A leader/instructor profile needs to encompass several areas to be able to meet these challenges. First, we must find new motivation. Motivation that exceeds all levels previous. We must bring newfound excitement to the leadership programs we deliver. The excitement level that comes with the leader carries over and motivates the student to the same level or higher. We must enter the educational setting that instruction is to take place with an attitude not one of just doing the minimum.

Leaders need to develop the right attitude about instructing. Attitude starts with evaluating whether you are meeting the mission statement of the fire service.

Secondly, you must evaluate whether your training is realistic. That is, realistic for your situation, operations, and based on your resources. Higher levels of training are great and have their place, but are we meeting all the basic needs of the future leaders? If not, we need to reevaluate what and how we are teaching/mentoring.

As we begin developing these new leaders, we must insure that we are creating level appropriate environments for their mentoring. Nothing can frustrate an individual more than to be placed above their capabilities. We need to evaluate each person, and be brutally honest with them.

So where does Chief Goldfeder's piece play in? I think it can be best said that for use to reach the attitude of "Everyone Goes Home," we must do the right things. Leadership plays the most significant role in this. As future leaders begin to develop, they need to address the issues, learn from our mistakes, make educated and calculated risk/benefit analysis assessments and be brutally honest when necessary.

I saw this when I had an e-mail argument with an insurance agency on seat belt laws as to whether or not firefighters are exempt here in North Carolina. Point is, who cares if we are exempt or not! We know that some things just don't add up to being good risk benefit analysis decisions. We have witnessed several firefighter injuries and deaths from ejections from motor vehicle crashes over the last few months.

If they were belted, they probably would not have been ejected and would maybe have survived. I agree with Chief Goldfeder, it has nothing to do with a slogan. The slogan "Everyone Goes Home" is an attitude. It's an attitude in a fire department. It should be everyone's attitude. Some of the leaders and firefighters just didn't get it at the time.

  • It means that if we don't drive like idiots, we'll probably make it home.
  • It means if we follow standards such as NFPA 1403, firefighter trainees will probably make it home.
  • It means if we put our seatbelts on and we collide on the way to a fire, we'll probably make it home.
  • It means if we weigh 100 pounds too much, and we eat more salads, we'll probably make it home.
  • It means that if it is obvious the building will collapse and we stay out of the way, we'll probably make it home.
  • It means if we have the right amount of trained staffing and good bosses at a fire, we'll probably make it home.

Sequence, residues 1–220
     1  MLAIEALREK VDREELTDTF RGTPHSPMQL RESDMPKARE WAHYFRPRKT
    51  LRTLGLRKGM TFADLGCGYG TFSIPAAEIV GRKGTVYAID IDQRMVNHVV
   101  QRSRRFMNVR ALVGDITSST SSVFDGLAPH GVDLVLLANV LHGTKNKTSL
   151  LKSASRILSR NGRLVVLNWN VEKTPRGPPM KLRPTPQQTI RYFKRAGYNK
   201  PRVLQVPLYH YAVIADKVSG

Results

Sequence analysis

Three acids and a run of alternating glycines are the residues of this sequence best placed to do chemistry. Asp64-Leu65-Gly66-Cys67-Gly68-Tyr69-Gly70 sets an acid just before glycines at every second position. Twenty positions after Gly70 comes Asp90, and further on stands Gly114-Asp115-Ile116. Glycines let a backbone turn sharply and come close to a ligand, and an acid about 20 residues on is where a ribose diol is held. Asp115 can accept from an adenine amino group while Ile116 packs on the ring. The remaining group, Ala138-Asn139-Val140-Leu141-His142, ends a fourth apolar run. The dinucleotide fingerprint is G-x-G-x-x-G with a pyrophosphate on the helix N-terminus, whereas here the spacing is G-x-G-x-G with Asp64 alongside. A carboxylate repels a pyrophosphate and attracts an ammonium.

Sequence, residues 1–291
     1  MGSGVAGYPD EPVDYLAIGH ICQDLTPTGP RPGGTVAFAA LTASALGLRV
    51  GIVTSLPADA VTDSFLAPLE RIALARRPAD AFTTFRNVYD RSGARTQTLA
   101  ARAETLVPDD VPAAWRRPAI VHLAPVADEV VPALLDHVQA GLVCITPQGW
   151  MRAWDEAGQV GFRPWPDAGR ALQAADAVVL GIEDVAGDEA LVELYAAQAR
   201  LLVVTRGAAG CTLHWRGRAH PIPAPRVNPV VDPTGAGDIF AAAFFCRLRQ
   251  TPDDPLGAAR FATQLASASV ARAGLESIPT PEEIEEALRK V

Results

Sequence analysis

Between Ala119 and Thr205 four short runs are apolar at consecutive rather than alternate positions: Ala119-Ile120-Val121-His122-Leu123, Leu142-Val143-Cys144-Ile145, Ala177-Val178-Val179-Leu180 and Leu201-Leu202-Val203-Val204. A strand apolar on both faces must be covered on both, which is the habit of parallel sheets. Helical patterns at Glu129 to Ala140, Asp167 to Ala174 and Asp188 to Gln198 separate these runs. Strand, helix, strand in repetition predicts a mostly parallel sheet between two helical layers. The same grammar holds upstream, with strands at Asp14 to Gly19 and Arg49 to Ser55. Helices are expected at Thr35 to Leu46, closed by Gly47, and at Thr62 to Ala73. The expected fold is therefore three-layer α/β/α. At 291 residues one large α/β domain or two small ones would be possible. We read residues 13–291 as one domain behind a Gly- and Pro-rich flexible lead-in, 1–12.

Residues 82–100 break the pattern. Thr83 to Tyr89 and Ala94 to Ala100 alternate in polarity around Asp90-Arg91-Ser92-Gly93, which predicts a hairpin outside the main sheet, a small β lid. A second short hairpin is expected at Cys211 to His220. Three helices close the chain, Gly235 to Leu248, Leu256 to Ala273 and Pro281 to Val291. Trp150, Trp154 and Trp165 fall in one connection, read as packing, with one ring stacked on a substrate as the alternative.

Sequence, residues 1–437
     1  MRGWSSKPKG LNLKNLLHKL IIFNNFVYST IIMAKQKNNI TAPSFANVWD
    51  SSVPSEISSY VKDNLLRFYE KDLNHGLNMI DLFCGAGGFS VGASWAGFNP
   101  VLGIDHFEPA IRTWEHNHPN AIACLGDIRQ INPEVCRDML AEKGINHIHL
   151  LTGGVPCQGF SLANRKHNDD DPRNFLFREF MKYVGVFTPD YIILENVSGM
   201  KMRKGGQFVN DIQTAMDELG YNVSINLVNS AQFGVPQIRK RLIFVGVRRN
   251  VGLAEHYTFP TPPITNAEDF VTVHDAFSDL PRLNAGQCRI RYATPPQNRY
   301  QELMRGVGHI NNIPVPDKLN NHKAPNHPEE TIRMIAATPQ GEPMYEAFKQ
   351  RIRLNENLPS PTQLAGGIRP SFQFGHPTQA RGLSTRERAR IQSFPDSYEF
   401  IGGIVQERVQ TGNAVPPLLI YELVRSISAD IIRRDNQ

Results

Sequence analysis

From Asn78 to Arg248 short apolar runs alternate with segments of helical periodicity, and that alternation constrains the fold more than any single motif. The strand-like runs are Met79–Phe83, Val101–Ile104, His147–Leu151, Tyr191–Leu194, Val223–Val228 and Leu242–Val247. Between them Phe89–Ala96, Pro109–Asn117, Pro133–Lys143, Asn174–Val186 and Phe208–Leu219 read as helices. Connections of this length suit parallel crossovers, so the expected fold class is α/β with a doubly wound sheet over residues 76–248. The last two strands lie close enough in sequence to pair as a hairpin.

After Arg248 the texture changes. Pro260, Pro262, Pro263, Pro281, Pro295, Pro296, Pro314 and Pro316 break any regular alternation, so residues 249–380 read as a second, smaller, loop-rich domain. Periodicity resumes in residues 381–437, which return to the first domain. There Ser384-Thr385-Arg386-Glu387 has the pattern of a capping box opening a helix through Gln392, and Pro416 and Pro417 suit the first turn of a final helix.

• If we train future officers with good officers now, then we will most likely get better and we can impact everyone going home.
  • ...and it means that if we drill and train on the stuff we need to do regularly, such as the ability to quickly get water on the fire, we'll probably make it home."

I am looking hard at the fire service around me. I see a critical gap that we must address. That gap is the company officer. We spend a tremendous amount of time training firefighters and pump operators, but just how much time do we spend training people for the next step? Most departments try to utilize the firefighting experience that has been gained, however, is that enough? I say no!

We need to focus on the other things that company officers do more of than just run emergency responses, which is about 10 percent of the job. We need to focus on two factors that affect the company officer's position in the organization.

First, we take relatively inexperienced personnel at a company officer leadership role and place them in one of the most challenging positions in the fire service. We do this with little to no training. In the corporate world, this would never happen.

Secondly, we often place these new company officers at a work site that is remote from their supervisor. We give them little direction, and we expect miracles. When this doesn't work out or we see that there are issues, what do we do? We make the next promotion and do the same things all over again expecting different results. We all know what that is the definition of.

I challenge the young and old alike. If you are a current leader in the fire service, stand up, get a backbone, polish your bugles, take a stance, start being an educator, mentor and be a true leader.

If you are the youth of today, I challenge you to develop yourselves and be the leaders of tomorrow. I think Chief Dennis Compton puts it best, "Lead, Follow or Get out of the Way."

Fellow fire service brothers and sisters, tomorrow hinges on what you do today. The future belongs to those who prepare for it! Be a leader who shapes our future positively by preparing our youth of today to lead tomorrow.


DOUGLAS CLINE, a Firehouse.com Contributing Editor, is a 28-year veteran and student of the fire service serving as the fire chief with the City of Eden, NC, Fire Department. Cline is the first vice president of the International Society of Fire Service Instructors (ISFSI) and is a well known international speaker presenting a myriad of programs. Chief Cline is also a highly published author, including Company Officer Test Preparation Guide Book with a scenario training DVD. He served as the technical content advisor and contributing author for the Rapid Intervention Company Operations text published by Delmar Cengage Learning. He also worked as a test bank developer for the Fire Department Incident Safety Officer. Chief Cline has participated in the The Leader's Toolbox podcast on Radio@Firehouse.